5 Procedure 2 for devices requiring the use of a stethoscope This work must be supervised by your teacher/lecturer. 1 Use data tables to find and make a note of the expected normal systolic blood pressure of a person the same age as the participant. (See Factsheet: Blood pressure). 2 Make sure that the cuff is connected to the pressure meter or manometer. 3 Use the most convenient arm. Rest the forearm on a bench or table using books or similar to raise it slightly to just below heart level. Ask the participant to rotate their palm uppermost and slightly bend their arm at the elbow. 4 Use your first and second fingers to locate the pulse of the brachial artery. Do not use your thumb, which has a pulse of its own. You can find the artery just above the bend of the elbow. Slide your fingers towards the inside of the arm until they rest in a slight dip between the biceps and triceps muscles and press firmly. If you can t feel the pulse, just find the slight hollow between the muscles. This is where you will place your stethoscope. 5 Cuffs will work over thin clothing. If necessary, loosely roll up a sleeve out of the way. Use the Velcro fastener to attach the cuff snugly, but not tightly, around the arm well above the elbow at about heart level. 6 Explain to the participant that the cuff will inflate and squeeze their arm quite firmly for a short while before deflating again. 7 Ensure that the valve is closed and inflate the cuff using the rubber bulb to obtain a pressure about 20 mm Hg above the expected normal value. 8 Use the stethoscope to listen for thumping or whooshing sounds (Korotkoff sounds) in the brachial artery. If your stethoscope has a diaphragm, use this rather than the bell side. (a) If sounds are still present gradually increase the pressure in the cuff until they just stop. (b) When sounds are absent, gradually deflate the cuff by slowly opening the valve. Record the pressure reading when intermittent sounds just return. This is the systolic pressure. (c) Continue to slowly deflate the cuff and record the pressure when the sounds just disappear. This is the diastolic pressure. 9 Remove the cuff and allow the participant to relax for a further five minutes if they complain of discomfort during the process. 10 Allow the participant to relax for a few minutes and then take another set of readings. If systolic values are within 5 mm Hg of each other and likewise for diastolic pressures, find the mean values for each. If differences are greater than 10 mm Hg, repeat once more and find the mean of the two closest readings. 11 Record the blood pressure using the conventional method: systolic pressure in mm Hg over diastolic pressure in mm Hg, e.g. 120 / If values appear above normal, reassure the participant that it is not unusual for blood pressure to rise when it is being measured, causing so-called white coat hypertension. Suggest that they ask their doctor for a professional measurement to check. If values exceed 180 / 120 inform your teacher. Using blood pressure monitors: page 5 of 13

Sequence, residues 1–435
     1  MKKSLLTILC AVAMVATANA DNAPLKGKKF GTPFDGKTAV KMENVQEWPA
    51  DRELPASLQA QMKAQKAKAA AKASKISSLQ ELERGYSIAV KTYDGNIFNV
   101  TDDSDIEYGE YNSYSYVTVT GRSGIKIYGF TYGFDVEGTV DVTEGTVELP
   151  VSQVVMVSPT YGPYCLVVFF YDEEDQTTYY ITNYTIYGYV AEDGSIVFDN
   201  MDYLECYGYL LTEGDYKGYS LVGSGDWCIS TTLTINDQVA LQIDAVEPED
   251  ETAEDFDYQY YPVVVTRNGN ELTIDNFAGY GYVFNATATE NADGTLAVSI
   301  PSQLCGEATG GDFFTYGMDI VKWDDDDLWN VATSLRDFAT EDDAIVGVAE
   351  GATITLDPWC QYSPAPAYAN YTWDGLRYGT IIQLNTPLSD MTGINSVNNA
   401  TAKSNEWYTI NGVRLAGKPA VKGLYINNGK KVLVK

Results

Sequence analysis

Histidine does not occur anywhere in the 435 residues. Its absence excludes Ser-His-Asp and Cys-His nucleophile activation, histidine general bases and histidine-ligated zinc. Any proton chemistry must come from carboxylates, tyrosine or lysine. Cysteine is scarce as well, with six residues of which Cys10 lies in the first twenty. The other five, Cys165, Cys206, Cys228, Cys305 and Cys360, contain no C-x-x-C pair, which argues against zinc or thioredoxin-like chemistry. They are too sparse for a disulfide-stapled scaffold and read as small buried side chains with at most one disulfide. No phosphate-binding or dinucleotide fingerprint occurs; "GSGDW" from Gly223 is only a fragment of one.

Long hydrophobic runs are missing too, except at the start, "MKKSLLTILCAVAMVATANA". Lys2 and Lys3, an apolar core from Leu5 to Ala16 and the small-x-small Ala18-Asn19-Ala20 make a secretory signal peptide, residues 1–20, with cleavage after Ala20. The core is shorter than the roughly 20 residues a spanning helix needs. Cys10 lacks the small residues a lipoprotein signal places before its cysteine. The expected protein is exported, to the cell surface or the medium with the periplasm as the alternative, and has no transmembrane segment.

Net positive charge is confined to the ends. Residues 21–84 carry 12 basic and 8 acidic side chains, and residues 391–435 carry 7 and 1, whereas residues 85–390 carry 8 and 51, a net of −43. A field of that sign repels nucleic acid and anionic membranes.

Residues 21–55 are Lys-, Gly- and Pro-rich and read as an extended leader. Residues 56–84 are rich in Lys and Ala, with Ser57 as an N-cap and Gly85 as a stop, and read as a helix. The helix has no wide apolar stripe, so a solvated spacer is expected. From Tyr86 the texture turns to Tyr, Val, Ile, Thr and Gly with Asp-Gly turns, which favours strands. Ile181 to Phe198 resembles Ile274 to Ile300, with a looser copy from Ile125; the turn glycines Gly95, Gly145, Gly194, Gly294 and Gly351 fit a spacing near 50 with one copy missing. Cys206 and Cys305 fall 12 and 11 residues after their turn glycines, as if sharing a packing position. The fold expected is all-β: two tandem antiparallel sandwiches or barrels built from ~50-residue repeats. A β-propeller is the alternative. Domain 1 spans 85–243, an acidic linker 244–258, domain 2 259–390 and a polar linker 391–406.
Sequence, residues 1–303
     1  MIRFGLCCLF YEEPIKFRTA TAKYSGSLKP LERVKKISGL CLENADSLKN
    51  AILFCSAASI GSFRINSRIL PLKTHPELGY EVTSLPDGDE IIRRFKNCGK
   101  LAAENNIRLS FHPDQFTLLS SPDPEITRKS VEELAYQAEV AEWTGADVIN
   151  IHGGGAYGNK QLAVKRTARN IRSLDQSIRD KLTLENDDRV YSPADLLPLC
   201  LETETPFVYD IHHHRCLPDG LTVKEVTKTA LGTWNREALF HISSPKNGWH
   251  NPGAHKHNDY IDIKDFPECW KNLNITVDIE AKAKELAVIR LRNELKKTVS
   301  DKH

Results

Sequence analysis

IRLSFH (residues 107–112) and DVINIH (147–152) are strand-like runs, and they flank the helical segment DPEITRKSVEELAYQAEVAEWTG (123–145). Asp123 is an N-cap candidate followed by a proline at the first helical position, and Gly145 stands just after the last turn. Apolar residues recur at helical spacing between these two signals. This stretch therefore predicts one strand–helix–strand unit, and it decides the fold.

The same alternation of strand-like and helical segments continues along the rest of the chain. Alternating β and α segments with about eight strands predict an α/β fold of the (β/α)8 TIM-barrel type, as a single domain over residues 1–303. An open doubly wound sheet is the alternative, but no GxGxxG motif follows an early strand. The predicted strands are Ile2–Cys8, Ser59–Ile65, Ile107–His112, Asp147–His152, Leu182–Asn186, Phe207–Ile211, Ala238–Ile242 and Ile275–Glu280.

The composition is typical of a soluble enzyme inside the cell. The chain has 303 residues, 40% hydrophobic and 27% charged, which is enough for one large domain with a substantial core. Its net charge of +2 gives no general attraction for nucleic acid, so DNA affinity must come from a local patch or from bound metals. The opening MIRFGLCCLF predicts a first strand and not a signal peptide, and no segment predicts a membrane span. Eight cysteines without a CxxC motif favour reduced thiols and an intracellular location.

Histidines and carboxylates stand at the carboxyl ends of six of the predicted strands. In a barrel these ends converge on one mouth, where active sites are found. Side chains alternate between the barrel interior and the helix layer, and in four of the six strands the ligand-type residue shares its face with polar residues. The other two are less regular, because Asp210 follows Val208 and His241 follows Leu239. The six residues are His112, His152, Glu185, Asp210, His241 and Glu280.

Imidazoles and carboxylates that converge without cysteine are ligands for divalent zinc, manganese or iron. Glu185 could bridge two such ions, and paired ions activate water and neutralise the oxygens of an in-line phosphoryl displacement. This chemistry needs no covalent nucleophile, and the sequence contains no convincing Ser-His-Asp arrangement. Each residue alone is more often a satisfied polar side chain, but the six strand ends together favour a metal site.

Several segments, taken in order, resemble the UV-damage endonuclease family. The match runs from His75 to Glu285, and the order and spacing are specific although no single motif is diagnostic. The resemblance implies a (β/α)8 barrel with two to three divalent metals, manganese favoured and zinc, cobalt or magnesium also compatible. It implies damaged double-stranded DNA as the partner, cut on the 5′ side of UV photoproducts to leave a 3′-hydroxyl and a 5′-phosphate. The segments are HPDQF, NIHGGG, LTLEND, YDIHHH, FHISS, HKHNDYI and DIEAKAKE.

6 STUDY SHEET Using an ambulatory blood pressure monitor (ABPM) Preliminaries 1 Obtain the devices that you will be using. Read any accompanying instructions. 2 Read through the whole procedure. What are the hazards and how will you reduce the risks to acceptable levels? a b If a risk assessment is available for this procedure, consider whether it needs to be adapted to suit the particular circumstances of your investigation. Record any modifications you think are necessary. If there is no risk assessment available, carry one out. Use a table with the headings below or a risk assessment form that your teacher provides: Initial risk assessment Hazard Risk Action to reduce risk (with references, e.g. HAZCARDS) Acceptable? c Check your decisions with your teacher before you begin. Procedure for ambulatory blood pressure monitor (ABPM) 1 Check the batteries are working. If the device has a battery check mode, use this. Otherwise check the instructions on battery use and life. 2 Allow at least five minutes for patient to relax in a quiet room. 3 Enter patient s personal details such as age into the monitor. 4 Measure blood pressure (BP) in both arms. 5 If the BP difference is less than 10 mm Hg use non-dominant arm. 6 If the BP difference is equal to or greater than 10 mm Hg use higher pressure arm. 7 Select appropriate cuff - see British Hypertension Society guidelines, e.g. 8 Select frequency of measurement to 30 minutes day and night (unless otherwise indicated). 9 Inactivate LCD display. Using blood pressure monitors: page 6 of 13

7 10 Give patient written instructions and diary. The written instructions explain: how to use the ABPM how to take blood pressure readings what to include in their diary helpline details. The diary should contain information about: level of activity at time of blood pressure measurement time of going to bed time of rising time of taking medication record any symptoms. 11 Printout the results and chart them for analysis. If values exceed 180 / 120 seek medical advice. Using blood pressure monitors: page 7 of 13